Healthcare can attract investment - Alexis
Jamaica?s health sector is one of the most important but ignored areas in terms of its potential to attract investments.
Dr Shane Alexis, president of the Medical Association of Jamaica (MAJ), argues that aside from medical tourism, there are areas in Jamaica?s health-care system that have the potential to attract significant investments and generate attractive returns for the economy and investors, thereby contributing to the economic development of the island.
?Hopefully, the Government will start to identify clearly the public opportunities for some of the resources that many private institutions report as profits to start being invested into some of these areas,? Alexis told a Gleaner Editors? Forum earlier this month at the newspaper?s North Street, Kingston, offices.
?The public sector is underserviced in terms of certain kinds of diagnostic machines, services, etc., (and) there is an opportunity for that to be expanded,? he added.
According to the MAJ president, ?The health component has to be one of the strongest components of any growth plan.
?Education is one component, but health is an important component that perhaps has not got the attention until now,? he added, pointing out that ?unfortunately, we have seen in Jamaica where health continues to be seen as a cost (or) expense and not as an investment?.
Jamaica?s potential in establishing itself as a medical tourism mecca has been emphasised many times over, and has already started to attract investments for the set-up of state-of-art medical facilities to cater to tourists mainly, and locals secondarily.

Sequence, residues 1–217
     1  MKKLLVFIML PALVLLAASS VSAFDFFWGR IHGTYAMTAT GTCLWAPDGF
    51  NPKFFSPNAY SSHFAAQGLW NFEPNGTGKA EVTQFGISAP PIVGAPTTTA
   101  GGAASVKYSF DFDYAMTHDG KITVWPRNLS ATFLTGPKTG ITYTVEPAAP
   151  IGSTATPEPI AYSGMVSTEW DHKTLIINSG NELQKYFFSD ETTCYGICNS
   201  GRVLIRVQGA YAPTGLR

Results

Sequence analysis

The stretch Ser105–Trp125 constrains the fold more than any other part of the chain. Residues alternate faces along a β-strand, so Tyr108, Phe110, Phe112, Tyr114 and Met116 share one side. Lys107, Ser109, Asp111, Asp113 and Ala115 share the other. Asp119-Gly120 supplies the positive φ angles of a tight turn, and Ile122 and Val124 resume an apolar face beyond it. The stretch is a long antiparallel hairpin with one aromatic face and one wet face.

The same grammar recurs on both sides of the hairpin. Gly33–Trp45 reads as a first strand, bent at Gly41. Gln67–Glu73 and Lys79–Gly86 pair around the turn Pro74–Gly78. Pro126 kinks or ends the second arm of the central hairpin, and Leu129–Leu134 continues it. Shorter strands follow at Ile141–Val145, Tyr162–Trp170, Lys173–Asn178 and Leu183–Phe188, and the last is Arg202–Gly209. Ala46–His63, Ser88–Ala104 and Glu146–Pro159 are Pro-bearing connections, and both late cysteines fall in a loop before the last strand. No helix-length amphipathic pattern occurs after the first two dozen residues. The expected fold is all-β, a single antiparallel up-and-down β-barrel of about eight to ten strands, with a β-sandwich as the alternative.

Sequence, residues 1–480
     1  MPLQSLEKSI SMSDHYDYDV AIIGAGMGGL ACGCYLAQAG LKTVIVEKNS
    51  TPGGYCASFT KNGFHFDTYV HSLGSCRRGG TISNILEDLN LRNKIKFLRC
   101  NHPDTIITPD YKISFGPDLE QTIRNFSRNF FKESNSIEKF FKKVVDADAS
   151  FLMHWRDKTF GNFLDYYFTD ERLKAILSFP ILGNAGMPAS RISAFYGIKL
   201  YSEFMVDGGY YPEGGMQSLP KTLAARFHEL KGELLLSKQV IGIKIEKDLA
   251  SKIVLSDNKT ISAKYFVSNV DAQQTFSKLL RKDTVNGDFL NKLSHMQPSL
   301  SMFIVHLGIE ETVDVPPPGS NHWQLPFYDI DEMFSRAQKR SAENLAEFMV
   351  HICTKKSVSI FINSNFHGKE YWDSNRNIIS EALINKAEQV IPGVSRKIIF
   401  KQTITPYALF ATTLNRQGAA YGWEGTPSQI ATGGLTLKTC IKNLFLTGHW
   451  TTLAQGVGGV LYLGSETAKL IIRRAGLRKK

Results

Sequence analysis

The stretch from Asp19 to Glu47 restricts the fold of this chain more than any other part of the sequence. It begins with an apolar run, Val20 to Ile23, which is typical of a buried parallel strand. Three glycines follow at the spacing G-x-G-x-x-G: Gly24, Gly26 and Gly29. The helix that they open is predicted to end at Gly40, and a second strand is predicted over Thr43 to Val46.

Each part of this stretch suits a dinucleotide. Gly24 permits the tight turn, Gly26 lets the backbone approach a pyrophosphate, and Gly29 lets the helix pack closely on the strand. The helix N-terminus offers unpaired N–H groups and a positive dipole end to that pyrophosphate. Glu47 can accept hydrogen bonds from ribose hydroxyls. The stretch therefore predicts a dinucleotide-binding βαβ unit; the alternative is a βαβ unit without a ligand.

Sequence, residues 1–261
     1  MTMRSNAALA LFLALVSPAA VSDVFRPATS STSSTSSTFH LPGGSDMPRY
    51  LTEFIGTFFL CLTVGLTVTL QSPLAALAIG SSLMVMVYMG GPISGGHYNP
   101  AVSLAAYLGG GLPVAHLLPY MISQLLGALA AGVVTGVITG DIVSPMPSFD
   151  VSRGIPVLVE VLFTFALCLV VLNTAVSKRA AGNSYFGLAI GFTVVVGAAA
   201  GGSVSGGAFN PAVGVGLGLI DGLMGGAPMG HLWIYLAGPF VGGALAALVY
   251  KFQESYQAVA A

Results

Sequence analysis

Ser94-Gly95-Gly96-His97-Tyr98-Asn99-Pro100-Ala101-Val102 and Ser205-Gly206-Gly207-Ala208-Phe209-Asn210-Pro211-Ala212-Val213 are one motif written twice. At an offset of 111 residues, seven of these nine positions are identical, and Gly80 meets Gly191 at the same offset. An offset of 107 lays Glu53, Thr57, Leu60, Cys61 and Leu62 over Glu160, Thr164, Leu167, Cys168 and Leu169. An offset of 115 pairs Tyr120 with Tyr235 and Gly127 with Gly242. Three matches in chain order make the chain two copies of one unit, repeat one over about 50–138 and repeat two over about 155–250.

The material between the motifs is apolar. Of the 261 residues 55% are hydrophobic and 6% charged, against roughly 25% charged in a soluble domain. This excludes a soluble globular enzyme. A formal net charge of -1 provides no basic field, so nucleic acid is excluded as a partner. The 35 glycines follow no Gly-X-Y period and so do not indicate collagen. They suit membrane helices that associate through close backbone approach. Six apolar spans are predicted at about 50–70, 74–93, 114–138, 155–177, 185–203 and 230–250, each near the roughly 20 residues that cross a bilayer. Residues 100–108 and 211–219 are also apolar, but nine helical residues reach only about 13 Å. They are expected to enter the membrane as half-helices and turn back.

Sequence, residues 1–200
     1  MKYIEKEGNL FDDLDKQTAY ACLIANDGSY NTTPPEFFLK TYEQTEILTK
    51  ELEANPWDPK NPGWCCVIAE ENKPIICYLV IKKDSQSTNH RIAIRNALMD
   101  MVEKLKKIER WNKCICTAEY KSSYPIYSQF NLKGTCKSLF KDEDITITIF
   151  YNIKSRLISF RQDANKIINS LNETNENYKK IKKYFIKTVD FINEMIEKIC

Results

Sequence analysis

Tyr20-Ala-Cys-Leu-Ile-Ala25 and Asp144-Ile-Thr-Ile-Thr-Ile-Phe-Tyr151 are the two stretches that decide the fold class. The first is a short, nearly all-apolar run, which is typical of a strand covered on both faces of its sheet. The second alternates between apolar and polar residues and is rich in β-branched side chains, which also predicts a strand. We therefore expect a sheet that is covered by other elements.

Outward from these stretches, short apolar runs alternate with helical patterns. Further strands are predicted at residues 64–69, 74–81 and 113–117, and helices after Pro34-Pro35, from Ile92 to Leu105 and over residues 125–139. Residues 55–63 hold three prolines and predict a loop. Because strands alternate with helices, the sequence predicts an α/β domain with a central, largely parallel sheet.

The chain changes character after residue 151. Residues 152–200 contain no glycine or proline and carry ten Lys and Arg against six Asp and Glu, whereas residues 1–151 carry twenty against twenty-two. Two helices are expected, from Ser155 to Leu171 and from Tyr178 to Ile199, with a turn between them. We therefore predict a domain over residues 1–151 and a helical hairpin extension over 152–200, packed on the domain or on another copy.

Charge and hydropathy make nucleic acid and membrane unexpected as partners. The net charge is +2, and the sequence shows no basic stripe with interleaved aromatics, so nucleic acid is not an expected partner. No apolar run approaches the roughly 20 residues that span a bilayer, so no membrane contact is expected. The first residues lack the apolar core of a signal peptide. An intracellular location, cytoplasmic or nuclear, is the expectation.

plans for mobay hospital
Spain?s Hospiten Group announced plans in March this year for the construction of a US$20-million state-of-art medical facility in the tourism capital of Montego Bay on Jamaica?s northwestern coast.
Hospiten?s chairman, Dr Pedro Luis Cobiella, said the 22-room hospital would be sited at the scenic Cinnamon Hill in Rose Hall, and would be equipped with an image diagnosis centre, a surgical block, an intensive-care unit, a clinical analysis lab, and a 24-hour emergency room.
The Hospiten Group operates 16 hospital/medical centres, and more than 100 health centres in Spain, the Dominican Republic, Mexico, and now Jamaica.
Arnaldo Brown, the state minister in the Ministry of Foreign Affairs and Foreign Trade, also revealed last year that members of the diaspora were now organising to invest US$200 million to build a health facility in Negril, Westmoreland.
Valarie Steele, president of the Jamaican Diaspora Canada Foundation, said at the same meeting that expatriates were willing to walk miles with the Jamaican Government to improve health care and develop health tourism.
?I can?t think of a better place to recuperate from anything than Jamaica. As long as the bureaucracy does not prevent us from going forward, we are in it for the long haul. Many of us no longer have a foot in the grave, we have a whole leg, so it behoves us to make sure that we help Jamaica to rise,? said Steele.